In his decision, Wilson ruled that the California foie gras ban only applied to ducks or geese being force fed in order to fatten up their liver before slaughter. “Both the text and legislative history of [the law] also support the idea that California did not intend to create a total ban on foie gras,” Wilson wrote. “Rather, both the legislative and executive branches indicated that the focus of the bill was to prevent the cruel practice of force-feeding within California.”
That’s an important distinction; it leaves the door open for foie gras to be consumed in the state if it comes from outside California, because “the statute cannot prevent animal cruelty from occurring in another state,” Wilson wrote.
Since California was banning a production practice and not the product, and because California cannot regulate a production practice outside of its state, it creates a loophole. Restaurants or individuals may purchase foie gras, and if that transaction happens out of state and then is shipped in, California has to allow it, no matter if it was produced humanely or not. So, Wilson has not overturned the law, but narrowed its scope to allow for foie gras produced outside of the state to be allowed into California.
The ruling comes on the heels of a rough last few years for foie gras fans. New York City has banned the fatty delicacy, starting in 2022. In France in 2017, a bird flu wiped out 22 percent of production causing a shortage during Christmas time, when it’s most in demand. And since 2004, California has had an on-again-off-again relationship with foie gras. It took eight years for the ban to go into effect, then it was overturned by Wilson himself in 2015, only to be reinstated in 2017 and fully enacted in 2019.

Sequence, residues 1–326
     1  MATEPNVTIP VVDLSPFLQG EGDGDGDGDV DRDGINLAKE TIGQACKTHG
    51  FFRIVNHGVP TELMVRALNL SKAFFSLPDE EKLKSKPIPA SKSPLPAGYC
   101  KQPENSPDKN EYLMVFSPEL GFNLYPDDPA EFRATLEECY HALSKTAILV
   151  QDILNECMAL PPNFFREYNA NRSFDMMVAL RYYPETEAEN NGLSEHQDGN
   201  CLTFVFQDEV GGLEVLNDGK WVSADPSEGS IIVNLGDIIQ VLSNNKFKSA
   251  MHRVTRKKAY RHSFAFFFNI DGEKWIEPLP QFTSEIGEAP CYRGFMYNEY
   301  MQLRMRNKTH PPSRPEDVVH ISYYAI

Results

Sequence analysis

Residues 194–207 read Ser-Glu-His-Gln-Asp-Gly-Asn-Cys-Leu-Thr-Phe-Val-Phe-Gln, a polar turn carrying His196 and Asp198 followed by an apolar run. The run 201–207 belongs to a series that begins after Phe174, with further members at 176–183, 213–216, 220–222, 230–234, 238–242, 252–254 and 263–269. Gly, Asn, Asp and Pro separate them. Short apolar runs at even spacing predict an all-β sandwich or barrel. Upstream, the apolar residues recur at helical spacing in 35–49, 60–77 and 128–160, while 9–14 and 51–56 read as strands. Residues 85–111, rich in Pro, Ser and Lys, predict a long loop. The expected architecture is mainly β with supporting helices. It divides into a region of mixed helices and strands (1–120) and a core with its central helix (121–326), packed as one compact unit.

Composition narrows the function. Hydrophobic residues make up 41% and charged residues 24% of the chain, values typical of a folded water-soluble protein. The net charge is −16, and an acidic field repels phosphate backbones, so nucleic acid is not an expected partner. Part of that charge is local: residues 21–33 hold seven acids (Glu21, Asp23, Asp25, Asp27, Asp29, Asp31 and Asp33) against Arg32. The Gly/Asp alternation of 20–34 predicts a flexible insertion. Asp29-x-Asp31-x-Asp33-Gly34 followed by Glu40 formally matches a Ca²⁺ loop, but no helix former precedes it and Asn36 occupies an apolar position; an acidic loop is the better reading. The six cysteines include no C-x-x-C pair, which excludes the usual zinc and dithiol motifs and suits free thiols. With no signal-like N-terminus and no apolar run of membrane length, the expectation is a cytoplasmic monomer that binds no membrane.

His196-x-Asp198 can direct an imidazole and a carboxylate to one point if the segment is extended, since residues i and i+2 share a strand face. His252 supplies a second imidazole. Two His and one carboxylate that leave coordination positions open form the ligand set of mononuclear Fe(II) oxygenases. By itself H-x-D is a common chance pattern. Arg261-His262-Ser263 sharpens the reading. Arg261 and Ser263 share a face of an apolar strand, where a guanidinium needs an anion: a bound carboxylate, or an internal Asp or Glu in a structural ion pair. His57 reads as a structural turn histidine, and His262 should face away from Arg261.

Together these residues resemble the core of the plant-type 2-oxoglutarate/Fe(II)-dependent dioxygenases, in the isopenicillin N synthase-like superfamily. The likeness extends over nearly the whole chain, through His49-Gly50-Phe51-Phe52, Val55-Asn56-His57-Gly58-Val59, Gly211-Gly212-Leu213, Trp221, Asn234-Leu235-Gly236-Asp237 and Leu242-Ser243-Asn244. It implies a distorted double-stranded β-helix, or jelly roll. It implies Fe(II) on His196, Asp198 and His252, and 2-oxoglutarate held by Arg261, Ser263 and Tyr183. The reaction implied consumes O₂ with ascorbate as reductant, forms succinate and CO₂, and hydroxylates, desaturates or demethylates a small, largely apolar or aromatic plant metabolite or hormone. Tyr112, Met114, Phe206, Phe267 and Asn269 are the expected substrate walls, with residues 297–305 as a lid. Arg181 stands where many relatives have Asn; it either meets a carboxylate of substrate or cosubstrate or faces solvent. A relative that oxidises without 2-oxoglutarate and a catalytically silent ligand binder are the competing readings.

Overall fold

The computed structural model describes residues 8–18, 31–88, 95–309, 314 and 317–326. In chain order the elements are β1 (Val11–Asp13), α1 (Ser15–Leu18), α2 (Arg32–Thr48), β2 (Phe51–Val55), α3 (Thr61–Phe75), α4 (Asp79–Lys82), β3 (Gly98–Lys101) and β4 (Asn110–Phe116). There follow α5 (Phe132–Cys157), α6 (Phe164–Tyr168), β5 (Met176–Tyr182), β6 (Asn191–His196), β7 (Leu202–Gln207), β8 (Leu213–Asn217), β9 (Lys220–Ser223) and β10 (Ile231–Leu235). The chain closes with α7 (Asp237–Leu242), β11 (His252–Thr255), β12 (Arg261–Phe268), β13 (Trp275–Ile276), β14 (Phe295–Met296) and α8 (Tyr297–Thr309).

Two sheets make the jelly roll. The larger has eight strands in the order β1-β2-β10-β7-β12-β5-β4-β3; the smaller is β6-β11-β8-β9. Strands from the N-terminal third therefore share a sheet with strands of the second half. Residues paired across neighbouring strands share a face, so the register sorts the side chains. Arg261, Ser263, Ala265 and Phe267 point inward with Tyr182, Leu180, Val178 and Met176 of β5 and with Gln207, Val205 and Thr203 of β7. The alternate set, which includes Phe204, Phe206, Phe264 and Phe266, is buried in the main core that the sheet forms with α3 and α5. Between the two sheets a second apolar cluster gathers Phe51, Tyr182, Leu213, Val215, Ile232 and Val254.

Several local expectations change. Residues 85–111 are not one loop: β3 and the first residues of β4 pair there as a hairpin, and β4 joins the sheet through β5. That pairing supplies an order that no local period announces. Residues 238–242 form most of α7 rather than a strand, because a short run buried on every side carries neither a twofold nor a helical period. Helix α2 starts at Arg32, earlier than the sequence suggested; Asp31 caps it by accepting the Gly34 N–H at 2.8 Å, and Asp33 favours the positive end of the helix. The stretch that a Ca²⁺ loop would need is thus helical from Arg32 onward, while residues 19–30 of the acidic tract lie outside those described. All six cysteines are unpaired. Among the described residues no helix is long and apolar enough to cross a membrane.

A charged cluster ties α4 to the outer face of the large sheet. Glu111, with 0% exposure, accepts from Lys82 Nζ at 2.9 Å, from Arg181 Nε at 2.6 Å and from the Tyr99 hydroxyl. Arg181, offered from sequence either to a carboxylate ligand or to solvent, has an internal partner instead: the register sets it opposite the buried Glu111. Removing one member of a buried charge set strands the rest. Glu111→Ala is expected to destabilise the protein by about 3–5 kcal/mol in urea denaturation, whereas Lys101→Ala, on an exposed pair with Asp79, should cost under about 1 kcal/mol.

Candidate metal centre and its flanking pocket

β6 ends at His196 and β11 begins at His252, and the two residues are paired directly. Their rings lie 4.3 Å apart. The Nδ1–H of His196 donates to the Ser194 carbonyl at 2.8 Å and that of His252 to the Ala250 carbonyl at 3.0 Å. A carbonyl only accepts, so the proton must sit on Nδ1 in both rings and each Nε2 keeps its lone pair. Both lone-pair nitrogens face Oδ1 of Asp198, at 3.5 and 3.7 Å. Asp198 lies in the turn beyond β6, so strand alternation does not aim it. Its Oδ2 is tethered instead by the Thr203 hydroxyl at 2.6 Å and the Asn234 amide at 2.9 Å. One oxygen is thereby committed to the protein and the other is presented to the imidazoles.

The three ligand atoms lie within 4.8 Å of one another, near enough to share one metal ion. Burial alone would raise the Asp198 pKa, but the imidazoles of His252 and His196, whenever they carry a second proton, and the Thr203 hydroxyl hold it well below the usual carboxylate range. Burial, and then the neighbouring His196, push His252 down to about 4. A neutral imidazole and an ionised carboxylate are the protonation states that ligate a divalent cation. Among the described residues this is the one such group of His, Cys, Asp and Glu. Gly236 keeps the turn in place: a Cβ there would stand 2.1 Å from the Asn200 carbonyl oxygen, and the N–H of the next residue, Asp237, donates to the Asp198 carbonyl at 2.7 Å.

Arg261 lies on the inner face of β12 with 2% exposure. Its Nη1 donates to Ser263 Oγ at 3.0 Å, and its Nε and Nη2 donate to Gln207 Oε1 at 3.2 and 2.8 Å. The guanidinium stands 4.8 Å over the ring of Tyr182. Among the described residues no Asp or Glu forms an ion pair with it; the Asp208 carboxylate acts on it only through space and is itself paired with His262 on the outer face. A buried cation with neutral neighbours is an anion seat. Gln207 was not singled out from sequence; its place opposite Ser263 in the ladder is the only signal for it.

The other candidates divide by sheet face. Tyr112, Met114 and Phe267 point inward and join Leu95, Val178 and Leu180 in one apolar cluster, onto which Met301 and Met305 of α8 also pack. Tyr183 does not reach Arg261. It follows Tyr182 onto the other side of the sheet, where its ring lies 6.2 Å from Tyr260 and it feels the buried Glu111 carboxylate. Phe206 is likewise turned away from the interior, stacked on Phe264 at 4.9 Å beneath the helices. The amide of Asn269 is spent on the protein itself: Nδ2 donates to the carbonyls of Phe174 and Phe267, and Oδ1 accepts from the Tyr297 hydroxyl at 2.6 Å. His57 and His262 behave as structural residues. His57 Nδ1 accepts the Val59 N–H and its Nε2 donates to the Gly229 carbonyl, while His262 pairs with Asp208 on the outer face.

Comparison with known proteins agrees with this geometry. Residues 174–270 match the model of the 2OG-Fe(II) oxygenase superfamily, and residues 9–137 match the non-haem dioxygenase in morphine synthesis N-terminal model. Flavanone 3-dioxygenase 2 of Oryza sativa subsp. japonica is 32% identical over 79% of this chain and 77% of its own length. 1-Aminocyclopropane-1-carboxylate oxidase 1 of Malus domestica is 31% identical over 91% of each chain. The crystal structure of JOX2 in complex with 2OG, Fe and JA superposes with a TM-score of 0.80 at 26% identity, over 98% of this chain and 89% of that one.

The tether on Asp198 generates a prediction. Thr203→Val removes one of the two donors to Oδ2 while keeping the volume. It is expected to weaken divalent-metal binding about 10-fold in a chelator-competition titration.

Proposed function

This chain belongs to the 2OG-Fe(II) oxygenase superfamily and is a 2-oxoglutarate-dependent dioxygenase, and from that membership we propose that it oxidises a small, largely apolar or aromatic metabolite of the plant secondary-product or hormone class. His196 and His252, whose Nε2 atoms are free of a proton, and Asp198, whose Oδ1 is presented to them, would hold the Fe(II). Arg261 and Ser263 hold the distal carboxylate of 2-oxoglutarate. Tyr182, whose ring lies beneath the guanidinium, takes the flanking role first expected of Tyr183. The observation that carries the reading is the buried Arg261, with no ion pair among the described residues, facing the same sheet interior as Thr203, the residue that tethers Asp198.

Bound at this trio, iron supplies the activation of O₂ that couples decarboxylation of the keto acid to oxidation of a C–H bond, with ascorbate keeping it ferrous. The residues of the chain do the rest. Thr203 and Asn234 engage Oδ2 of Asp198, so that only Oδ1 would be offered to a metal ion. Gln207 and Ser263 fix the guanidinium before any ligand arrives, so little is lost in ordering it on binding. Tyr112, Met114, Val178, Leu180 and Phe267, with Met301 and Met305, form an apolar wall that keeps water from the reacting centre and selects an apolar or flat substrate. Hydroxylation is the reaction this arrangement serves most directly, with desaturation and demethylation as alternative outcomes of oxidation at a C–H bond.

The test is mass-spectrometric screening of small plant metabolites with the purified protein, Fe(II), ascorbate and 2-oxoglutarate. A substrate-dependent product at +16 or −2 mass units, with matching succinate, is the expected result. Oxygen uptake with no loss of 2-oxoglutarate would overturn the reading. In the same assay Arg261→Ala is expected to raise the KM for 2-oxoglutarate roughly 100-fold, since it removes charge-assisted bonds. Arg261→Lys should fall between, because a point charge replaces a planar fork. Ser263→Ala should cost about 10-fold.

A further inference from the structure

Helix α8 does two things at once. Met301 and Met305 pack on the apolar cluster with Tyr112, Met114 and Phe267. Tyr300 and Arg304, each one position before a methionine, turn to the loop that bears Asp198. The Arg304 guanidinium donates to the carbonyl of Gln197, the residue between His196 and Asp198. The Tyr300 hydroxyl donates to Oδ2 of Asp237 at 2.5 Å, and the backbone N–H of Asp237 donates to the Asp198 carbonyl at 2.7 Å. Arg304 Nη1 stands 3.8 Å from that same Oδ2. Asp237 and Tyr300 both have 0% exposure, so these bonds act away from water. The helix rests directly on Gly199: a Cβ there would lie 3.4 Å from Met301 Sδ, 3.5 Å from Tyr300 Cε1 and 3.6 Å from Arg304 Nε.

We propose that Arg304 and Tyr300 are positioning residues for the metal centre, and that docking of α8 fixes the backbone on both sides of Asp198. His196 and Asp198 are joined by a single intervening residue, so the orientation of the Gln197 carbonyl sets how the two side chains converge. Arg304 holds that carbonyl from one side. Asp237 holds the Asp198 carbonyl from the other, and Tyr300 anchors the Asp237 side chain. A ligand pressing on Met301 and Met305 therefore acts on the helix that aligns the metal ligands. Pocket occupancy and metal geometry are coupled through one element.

Out-of-state foie gras producers challenged the ban again in court, saying sales had plummeted 33 percent since the ban was implemented. Now, they’ll be able to sell again, admittedly to a much smaller market because indoor dining is closed across California because of Covid-19.
However, some restaurants still welcomed the delicacy’s return. Mélisse and Citrin, which has built an outdoor dining area where the restaurant used to valet cars—and also has one of the best multi-course takeout meals in LA—is ready to serve foie gras again. “I’m ordering it ASAP to get on the takeout menu,” chef Josiah Citrin says. “I think foie terrine would make a great add-on with a half bottle of Sauternes.”